Donkeys rely predominantly on sight and sound to detect intruders. When approached, sheep will tend to move so the guard animal is between the intruder and themselves. The donkeys' loud brays and quick pursuit will scare away predators and may also alert the shepherd. In most instances donkeys will confront and chase dogs or coyotes out of the pasture. If the canines do not retreat quickly the donkeys will attack them by rising up on their hind legs and striking with both front feet. A solid blow can injure, kill or at the very least discourage the predator.

If you do get a donkey and have a dog then make sure interaction is very limited.

Cows and Bulls are good to have too. Keep in mind that cattle do require more greens to eat then goats and sheep.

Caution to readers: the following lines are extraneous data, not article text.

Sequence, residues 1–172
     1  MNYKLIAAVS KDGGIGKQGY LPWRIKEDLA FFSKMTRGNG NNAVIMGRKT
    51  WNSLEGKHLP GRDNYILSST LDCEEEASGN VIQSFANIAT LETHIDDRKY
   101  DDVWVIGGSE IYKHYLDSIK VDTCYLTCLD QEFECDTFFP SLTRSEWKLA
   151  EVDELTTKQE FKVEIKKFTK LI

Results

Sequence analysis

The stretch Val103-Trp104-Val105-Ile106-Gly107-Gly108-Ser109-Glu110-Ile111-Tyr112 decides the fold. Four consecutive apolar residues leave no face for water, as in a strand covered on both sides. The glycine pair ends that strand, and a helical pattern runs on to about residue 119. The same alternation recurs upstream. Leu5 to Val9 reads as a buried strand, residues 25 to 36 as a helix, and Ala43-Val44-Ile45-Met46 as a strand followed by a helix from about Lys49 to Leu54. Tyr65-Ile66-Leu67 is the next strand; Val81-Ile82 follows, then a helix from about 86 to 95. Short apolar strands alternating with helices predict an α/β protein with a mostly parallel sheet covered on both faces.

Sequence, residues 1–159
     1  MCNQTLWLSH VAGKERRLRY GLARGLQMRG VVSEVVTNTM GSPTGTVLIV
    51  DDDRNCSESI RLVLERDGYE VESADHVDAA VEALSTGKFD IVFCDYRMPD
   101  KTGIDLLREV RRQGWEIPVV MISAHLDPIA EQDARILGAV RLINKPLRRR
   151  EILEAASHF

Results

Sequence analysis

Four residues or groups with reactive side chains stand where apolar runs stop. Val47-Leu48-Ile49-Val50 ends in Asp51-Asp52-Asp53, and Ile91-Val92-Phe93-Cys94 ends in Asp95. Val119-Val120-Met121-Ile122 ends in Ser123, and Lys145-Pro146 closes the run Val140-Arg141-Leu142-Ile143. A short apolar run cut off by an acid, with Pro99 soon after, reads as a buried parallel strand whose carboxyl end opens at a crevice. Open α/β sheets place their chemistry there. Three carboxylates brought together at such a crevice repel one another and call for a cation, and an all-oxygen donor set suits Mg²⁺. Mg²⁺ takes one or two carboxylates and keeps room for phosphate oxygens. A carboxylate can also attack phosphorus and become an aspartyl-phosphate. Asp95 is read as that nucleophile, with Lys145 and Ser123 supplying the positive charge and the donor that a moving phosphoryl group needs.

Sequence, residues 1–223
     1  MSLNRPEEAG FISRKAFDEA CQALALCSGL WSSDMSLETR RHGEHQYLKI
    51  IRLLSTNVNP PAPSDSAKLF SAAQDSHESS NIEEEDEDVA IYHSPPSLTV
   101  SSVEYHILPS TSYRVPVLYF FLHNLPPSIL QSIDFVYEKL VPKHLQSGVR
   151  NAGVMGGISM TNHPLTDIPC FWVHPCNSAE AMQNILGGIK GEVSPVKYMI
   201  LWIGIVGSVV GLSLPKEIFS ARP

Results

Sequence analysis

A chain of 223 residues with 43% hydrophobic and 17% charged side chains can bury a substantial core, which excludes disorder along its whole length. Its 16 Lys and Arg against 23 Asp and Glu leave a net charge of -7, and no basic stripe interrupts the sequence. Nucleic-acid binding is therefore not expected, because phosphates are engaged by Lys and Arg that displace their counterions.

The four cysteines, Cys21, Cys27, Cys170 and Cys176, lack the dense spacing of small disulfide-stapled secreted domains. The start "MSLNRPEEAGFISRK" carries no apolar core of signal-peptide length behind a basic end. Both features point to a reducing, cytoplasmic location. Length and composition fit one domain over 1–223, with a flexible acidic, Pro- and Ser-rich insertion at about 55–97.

posted on Apr, 21 2008 @ 01:07 PM
Disease will always be a problem in a situation X survival scenario - the best i can think of (coming from the eyes of an untrained amatuer vet) would be to crack open a couple of library books and look for information on things like bird flu, mad cow disease, etc - of course, there are numerous diseases an animal can garner, much like a human being.

Merely a cursory glance at the wikipedia article on animal diseases showed a list of about 76 different types of disease.

This might be one of those situations whereby you would never be 100% sure about what you're doing when you first start off (like many things that will be critical to survival during a sit X) - maybe after time passes and you gain experience you might be able to explain to others how it's done, but otherwise this is the kind of thing you need a trained vet for.